Ghana has been a beacon of peace and stability in West Africa for quite some time. It seems that whilst trouble flares in surrounding nations Ghana stays peaceful and prosperous. In the past 20 years brutal civil wars have come and gone in many neighbouring states including Cote d’Ivoire, Sierra Leone and Liberia. Rebels and terrorists are causing havoc in parts of Mali and Nigeria, and famine and poverty on a large scale has taken many lives in Niger and Burkina Faso. So why is Ghana a relative success story then?

Accra's Liberation Road

Accra’s Liberation Road

One of the main reasons for this is the free media in the country. Ghana is one of the few African nations to have a free media and this combined with relatively little corruption and vibrant NGOs and civil society groups acts as a steady base from which the country is able to flourish. Don’t get me wrong, Ghana is not a ‘developed’ country by any means but it certainly has more going for it than the rest of West Africa. Of the 16 nations considered to be part of West Africa Ghana has the highest human development index, the highest GDP per capita and ranks highest in Transparency International’s Corruption Perceptions Index – better than both Italy and Greece! With over 95% of children in school it also has one of the highest school enrolment rates in Africa – vital for the nation’s future. General elections over the last couple of decades have also been relatively trouble-free with incumbent presidents conceding defeat and stepping down to allow democracy to take its course. In Africa this is all too often not the case as incumbent leaders try to change legislation to cling on to power – the reason for the chaos seen this week in Ghana’s northern neighbour Burkina Faso.

The fastest restaurant in the world?

The fastest restaurant in the world?

So Ghana’s future is looking good. There is an economic plan in place called Ghana Vision 2020 which aims to embrace science and technology, to use it to help Ghana become Africa’s second ‘developed’ country after South Africa. There is still a long way to go but certainly from the evidence I saw all around me whilst crisscrossing the capital, Accra, collecting data, the city is well ahead of others in the region. With many a tarmacked road, shiny skyscraper and a friendly smile the place ‘feels’ like it’s on the up. There are even plans afoot for an ambitious technology park, Hope City, to be built near to the capital. The project includes plans for the tallest building on the continent and will cost an estimated USD $10 billion, providing tens of thousands of jobs. It remains to be seen if this fully comes to fruition but it is clear that the will is there for such development to put the country firmly in the global marketplace. Next year Ghana is expected to overtake Côte d’Ivoire as the world’s largest producer of cocoa and with other natural resources in abundance (including petroleum and gold), and improving energy and manufacturing sectors, the future looks good and many West African nations will no doubt aspire to be ‘the next Ghana’.

Bamako's Avenue Al Quds

Bamako’s Avenue Al Quds

My visit to Mali was a different experience altogether. First off there was the news last week that a case of Ebola had been confirmed in the country – a child who travelled overland from Guinea and passed through Mali’s capital Bamako. The procedures in place to keep the virus from spreading seem to have worked, however. Although there were antibacterial gel pumps outside many shops and Ebola prevention banners everywhere there was no panic or hysteria about it, which could all too easily start if more cases were determined.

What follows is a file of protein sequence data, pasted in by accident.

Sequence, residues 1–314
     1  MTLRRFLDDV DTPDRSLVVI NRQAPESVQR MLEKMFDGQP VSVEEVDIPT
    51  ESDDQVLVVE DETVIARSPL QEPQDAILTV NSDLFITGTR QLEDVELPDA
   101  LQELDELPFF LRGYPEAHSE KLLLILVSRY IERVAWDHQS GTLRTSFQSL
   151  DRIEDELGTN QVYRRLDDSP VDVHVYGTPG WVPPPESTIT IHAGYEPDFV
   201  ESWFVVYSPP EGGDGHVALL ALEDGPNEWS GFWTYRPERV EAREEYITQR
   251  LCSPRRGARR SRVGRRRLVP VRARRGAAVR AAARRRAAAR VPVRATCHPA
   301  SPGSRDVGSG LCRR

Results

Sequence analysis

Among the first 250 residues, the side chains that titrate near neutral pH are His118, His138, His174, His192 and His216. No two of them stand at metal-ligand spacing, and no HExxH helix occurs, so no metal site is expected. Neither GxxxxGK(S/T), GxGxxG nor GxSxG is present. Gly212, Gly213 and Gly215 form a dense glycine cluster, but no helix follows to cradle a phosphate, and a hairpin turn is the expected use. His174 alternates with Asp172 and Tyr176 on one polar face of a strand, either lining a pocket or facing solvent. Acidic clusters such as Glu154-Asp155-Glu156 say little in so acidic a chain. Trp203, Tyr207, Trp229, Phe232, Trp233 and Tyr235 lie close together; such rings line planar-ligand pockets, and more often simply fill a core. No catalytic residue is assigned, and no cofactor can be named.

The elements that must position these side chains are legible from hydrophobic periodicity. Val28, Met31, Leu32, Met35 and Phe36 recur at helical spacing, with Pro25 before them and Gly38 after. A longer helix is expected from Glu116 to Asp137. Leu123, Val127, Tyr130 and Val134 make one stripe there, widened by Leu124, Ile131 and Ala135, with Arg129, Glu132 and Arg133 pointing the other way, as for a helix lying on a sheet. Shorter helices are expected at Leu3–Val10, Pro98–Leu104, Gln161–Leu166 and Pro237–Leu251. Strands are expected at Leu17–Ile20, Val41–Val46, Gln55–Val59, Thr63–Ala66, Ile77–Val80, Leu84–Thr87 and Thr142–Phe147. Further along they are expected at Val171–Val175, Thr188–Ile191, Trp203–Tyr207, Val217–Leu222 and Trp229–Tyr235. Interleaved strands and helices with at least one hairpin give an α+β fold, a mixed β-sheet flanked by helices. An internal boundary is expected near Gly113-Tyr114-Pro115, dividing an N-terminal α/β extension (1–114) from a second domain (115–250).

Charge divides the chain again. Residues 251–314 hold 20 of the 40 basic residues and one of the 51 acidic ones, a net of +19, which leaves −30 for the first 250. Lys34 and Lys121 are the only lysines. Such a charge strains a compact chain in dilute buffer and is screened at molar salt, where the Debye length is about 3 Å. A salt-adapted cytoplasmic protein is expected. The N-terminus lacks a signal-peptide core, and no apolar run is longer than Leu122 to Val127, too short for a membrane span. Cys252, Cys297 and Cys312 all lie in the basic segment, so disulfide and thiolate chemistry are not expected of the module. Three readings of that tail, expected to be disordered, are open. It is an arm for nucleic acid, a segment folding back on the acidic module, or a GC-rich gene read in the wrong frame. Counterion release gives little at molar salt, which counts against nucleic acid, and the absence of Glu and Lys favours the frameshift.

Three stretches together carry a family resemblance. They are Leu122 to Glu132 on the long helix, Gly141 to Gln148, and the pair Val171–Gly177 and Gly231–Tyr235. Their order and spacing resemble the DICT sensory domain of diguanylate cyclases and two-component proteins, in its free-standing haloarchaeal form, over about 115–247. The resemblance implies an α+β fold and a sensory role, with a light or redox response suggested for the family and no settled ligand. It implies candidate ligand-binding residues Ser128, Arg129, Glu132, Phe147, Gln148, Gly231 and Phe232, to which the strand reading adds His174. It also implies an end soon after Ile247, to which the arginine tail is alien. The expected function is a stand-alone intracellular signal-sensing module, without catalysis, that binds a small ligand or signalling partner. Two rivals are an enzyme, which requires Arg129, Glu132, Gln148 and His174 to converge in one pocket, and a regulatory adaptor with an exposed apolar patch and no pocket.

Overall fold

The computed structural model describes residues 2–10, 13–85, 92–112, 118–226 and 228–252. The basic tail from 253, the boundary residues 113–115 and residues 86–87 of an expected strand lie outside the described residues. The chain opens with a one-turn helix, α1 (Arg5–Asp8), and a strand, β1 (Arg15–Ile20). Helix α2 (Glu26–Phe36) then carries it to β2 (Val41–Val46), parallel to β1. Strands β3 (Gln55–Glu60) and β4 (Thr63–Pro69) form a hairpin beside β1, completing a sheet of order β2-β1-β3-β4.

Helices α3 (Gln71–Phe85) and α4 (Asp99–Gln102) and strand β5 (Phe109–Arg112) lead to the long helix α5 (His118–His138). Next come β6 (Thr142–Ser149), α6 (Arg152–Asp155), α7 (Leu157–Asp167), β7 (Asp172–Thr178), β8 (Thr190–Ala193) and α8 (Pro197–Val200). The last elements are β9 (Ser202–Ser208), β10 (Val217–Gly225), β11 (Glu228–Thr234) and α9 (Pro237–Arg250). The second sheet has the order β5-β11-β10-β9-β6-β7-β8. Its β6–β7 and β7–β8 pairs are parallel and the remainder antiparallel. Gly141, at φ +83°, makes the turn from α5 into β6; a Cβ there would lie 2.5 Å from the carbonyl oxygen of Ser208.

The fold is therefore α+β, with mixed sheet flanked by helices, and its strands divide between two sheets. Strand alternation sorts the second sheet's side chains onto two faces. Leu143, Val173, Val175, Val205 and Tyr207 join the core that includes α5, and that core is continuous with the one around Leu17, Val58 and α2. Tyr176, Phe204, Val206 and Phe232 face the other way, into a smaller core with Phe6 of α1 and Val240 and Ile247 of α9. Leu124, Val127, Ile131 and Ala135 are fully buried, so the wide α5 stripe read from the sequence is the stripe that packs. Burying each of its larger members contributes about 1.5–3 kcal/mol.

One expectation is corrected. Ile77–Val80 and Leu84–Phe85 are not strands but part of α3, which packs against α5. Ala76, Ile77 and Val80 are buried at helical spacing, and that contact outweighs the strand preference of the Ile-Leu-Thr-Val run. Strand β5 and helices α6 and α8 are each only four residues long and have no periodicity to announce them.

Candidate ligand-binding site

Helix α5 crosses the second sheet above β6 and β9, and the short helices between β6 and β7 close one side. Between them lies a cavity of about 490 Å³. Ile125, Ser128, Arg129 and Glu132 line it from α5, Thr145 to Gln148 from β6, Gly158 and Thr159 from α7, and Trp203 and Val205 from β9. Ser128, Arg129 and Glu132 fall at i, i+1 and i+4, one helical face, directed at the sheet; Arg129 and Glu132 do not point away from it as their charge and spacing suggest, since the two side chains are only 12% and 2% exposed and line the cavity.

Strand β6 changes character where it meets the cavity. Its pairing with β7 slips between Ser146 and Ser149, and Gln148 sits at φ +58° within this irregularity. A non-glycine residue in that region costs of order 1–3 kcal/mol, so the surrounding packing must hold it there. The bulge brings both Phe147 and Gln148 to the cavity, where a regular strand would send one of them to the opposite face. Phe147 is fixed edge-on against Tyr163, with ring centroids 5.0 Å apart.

Secondly, on arrival in Bamako it was obvious from the outset that the country is years behind Ghana, most evidently in the infrastructure. The ride to my hotel involved a lot of bone-shaking and neck jarring as the driver tried his best to avoid pothole after pothole with only a 50% success rate. I was also aware of there being more mosquitos than I’m used to seeing in Africa. Hopefully insect repellent, a mosquito net and my malaria tablets will have done their job though.

Mali's Ebola warnings

Mali’s Ebola warnings

Thirdly, the francophone country has had to deal with rebel insurgencies which have paralysed the north of the country. The once popular tourist destination of Timbuktu (yes it is a real place!) is now a no-go area as is the whole desert region of the country. Bamako, in the south, has been largely unaffected by the troubles in the north and life for expats continues normally albeit with one ear to the ground. One obvious impact, however, has been the presence of the UN peacekeeping mission MINUSMA. The French-led mission has requisitioned two of the capital’s largest and most prestigious hotels and there are many a UN 4×4 rumbling around the city.

When I left Mali I flew back to London changing planes at Paris. I was expecting delays and commotion because I was arriving from an ‘infected’ country but not once before getting on the plane or in Paris, or on arrival at London, did I have to fill out any forms or have my temperature checked. After experiencing the complete opposite over the past month or so travelling within Africa I found this somewhat surprising. It’s a good job I spent half my time on the continent rubbing my hands with gel!

I’ll leave you on a less depressing note – and something I only discovered during this trip which I found quite interesting. The name ‘Guinea’ (as in Guinea, Guinea Bissau, Equatorial Guinea and Papua New Guinea) is derived from ‘Ghana’ which originally meant ‘Warrior King’, a title given to leaders of a medieval African empire. Well, this is one of a few theories but is also my favourite!